|Picturedrome, New Connaught Theatre|
The theatre from the northwest
|Owner||Worthing Borough Council|
|Opened||1935 (built in 1914 as cinema)|
|Years active||1935–1966; 1967–present|
The Connaught Theatre is a Streamline Moderne-style theatre in the centre of Worthing, in West Sussex, England. Built as the Picturedrome cinema in 1914, the venue was extended in 1935 and became the new home of the Connaught Theatre (established nearby in 1931). The theatre houses touring West End theatre productions, musicals, thrillers, dramas and children's productions. Since 1987 it has been a dual use cinema/theatre with two screens, and has a seating capacity of 512. When it opened, it was a rare example of a conversion from a cinema to a theatre: the reverse was much more common in 1930s Britain, when many theatres became cinemas. The Ritz cinema (also known as Screen 2) at the Connaught is a venue for The End of the Pier International Film Festival.
The Connaught Theatre occupies the former Picturedrome cinema, which was built in 1914 on the site of Stanmore Lodge and opened in July of that year. Its seating capacity was 850 in a single tier, with four boxes at the rear, and the auditorium was octagonal. In 1926, Swiss impresario Carl Adolf Seebold, who owned other cinemas in Worthing and who had been the Picturedrome's musical director since it opened, bought it.
In 1916, Connaught Buildings were built next to the cinema, and an entrance passageway was built from the street to the Picturedrome through the new building. The Connaught Buildings (and later Connaught Hall and Theatre) seem to have taken its name from Prince Arthur, Duke of Connaught and Strathern and Earl of Sussex. The new premises housed the Connaught Hall, which in 1917 became a venue for vaudeville entertainment. It was licensed as a theatre in April 1931 by Walter Lindsay, formerly a theatre director in London; the first full season of repertory theatre began in the autumn of 1932. Terence De Marney became director of Connaught and Bill Fraser became involved in the theatre.
The two venues coexisted until 1935; in that year the Worthing Repertory Company, which had been outgrowing the Connaught Buildings, moved next door to the Picturedrome, renamed the building the Connaught Theatre and commissioned an architect to extend the façade of the building in an Art Deco style. Carl Seebold contributed £60,000 (£3,720,000 as of 2015) towards the cost of the work. The first production, a play called Theatre Royal, was given on 30 September 1935; it formed the centrepiece of a special opening week programme, and was very successful.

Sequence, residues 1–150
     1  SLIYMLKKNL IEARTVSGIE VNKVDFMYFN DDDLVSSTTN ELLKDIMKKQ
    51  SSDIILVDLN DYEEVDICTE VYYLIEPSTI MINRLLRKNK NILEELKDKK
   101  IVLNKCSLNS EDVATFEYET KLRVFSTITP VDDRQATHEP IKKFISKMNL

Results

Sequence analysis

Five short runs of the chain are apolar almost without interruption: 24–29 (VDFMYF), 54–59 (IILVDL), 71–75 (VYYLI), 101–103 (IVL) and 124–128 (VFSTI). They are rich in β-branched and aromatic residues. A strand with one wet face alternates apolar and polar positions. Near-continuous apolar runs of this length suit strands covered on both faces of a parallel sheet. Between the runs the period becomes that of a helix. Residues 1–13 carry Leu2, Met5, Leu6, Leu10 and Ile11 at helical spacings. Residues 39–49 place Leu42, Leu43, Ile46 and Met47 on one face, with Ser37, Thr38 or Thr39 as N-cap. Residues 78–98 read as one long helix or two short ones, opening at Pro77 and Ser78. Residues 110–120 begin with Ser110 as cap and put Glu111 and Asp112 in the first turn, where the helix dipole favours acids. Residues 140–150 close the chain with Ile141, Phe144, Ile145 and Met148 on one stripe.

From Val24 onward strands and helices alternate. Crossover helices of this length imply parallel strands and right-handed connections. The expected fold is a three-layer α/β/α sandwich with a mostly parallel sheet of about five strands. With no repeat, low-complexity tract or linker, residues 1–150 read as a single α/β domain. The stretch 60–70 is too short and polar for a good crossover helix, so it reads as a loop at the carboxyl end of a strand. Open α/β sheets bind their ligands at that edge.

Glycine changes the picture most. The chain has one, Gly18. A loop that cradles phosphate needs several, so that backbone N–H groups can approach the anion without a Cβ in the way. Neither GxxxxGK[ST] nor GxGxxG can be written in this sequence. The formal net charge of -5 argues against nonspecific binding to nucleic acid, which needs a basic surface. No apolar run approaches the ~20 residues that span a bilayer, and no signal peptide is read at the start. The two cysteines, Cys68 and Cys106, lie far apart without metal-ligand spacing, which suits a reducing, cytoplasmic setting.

The establishment of the Connaught in former cinema premises represented an unusual reversal of the contemporary tendency for theatres to be converted into cinemas—a trend seen throughout Britain in the 1930s.
A temporary closure during World War II was followed by a period in which the theatre was managed on Seebold's behalf by a group associated with the J. Arthur Rank Organisation, who pursued a policy of blooding young actors who later became important figures in film, television and theatre. Glenda Jackson, Susannah York, Charles Morgan, Maria Charles and several others appeared at the theatre during this period. In the 1950s, Alan Ayckbourn appeared in several plays at the Connaught. In 1956 Winston Churchill visited the theatre to see his daughter Sarah perform in Terence Rattigan's play Variation on a Theme. Harold Pinter acted at the Connaught under the stage name David Baron, moving to a house just a few yards from the theatre in Ambrose Place in the 1960s. Pinter's first wife, actress Vivien Merchant acted at the Connaught during this period. Giles Cooper worked with Pinter at the Connaught. Robin Maugham wrote several plays which he directed and premiered at the Connaught, including The Claimant (1962) and Winter in Ischia (1964). Actress Marina Sirtis, perhaps best known for her role in Star Trek: The Next Generation, began her career in rep at the Connaught in 1976. Actor Robert Blythe has also worked in repertory theatre at the Connaught.
Ownership passed from Seebold to other commercial interests in April 1950, when he sold the lease for £35,000 (£1,071,000 as of 2015). The theatre began to struggle, and closed in 1966, but campaigners successfully petitioned Worthing Borough Council to buy and run it instead. Productions began again in 1967— one of the first performances was The Beggar's Opera, the first opera seen in Worthing for 136 years— and the capacity was increased to its present 512 seats when the auditorium was revamped in 1972. The council agreed to provide more funding for the theatre after it was forced to close temporarily on two more occasions in the 1970s. The remodelling in 1972 introduced film projection facilities, which have been used regularly since 1987.
Originally designed by Eastbourne architect Peter Dulvey Stonham, the building was refurbished in 1933 to the plans of A.T. Goldsmith. His design added a new first-floor cocktail bar and lounge area to the original Picturedrome auditorium. Two years later the entrance foyer on Union Place was rebuilt in Moderne style, with two rendered storeys, parapeted, in three bays.
The theatre has a licensed bar, cloakroom facilities, disabled facilities and parking.
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